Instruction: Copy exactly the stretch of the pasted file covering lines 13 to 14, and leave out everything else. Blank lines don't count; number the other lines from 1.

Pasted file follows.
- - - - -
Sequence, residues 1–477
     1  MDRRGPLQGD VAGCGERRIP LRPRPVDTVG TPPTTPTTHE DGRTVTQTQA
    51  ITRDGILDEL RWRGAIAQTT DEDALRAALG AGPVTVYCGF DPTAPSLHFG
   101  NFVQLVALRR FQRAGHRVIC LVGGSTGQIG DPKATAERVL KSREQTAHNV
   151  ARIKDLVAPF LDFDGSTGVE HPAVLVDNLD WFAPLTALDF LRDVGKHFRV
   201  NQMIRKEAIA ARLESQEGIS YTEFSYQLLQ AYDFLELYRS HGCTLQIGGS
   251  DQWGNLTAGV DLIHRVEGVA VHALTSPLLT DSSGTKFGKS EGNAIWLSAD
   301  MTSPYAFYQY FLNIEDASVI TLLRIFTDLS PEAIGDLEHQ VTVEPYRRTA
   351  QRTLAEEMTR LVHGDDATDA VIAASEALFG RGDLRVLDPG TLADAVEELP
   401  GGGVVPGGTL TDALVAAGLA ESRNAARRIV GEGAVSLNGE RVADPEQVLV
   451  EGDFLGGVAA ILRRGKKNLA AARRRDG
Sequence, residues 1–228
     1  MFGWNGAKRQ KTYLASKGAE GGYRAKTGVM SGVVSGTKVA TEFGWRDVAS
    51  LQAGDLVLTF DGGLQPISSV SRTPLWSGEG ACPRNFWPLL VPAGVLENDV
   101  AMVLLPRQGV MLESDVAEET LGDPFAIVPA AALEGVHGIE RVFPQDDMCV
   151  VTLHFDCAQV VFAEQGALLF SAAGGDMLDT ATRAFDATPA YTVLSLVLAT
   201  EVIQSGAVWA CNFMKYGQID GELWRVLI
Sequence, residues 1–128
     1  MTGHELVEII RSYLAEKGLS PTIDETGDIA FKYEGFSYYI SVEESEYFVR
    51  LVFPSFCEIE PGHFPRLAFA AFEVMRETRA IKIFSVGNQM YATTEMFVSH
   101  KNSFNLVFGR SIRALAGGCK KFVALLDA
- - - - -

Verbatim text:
     1  MFGWNGAKRQ KTYLASKGAE GGYRAKTGVM SGVVSGTKVA TEFGWRDVAS
    51  LQAGDLVLTF DGGLQPISSV SRTPLWSGEG ACPRNFWPLL VPAGVLENDV